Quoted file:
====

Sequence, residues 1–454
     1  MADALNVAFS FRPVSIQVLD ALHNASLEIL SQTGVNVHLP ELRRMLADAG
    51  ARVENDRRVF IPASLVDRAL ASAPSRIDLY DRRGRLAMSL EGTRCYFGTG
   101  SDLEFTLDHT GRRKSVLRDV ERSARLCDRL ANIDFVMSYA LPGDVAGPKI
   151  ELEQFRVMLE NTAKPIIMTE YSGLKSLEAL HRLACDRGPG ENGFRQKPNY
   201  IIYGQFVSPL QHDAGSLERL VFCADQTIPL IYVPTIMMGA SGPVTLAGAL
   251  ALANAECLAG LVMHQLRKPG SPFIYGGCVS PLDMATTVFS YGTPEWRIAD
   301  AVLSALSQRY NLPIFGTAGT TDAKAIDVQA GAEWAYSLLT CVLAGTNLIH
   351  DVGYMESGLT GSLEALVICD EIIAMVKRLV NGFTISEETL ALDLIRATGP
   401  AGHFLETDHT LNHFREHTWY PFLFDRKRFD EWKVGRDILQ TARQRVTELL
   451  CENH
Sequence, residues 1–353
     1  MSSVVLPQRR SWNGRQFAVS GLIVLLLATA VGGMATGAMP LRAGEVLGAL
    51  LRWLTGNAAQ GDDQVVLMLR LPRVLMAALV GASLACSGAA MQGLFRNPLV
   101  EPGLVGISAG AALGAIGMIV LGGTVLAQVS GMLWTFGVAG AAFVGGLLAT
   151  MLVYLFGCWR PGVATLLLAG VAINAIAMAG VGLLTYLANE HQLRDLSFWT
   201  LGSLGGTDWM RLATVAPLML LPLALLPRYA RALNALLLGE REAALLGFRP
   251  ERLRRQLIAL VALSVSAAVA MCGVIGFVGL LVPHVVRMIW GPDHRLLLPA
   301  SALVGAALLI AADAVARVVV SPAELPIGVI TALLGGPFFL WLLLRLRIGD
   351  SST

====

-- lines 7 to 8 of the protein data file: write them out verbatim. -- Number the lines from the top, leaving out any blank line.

   251  ALANAECLAG LVMHQLRKPG SPFIYGGCVS PLDMATTVFS YGTPEWRIAD
   301  AVLSALSQRY NLPIFGTAGT TDAKAIDVQA GAEWAYSLLT CVLAGTNLIH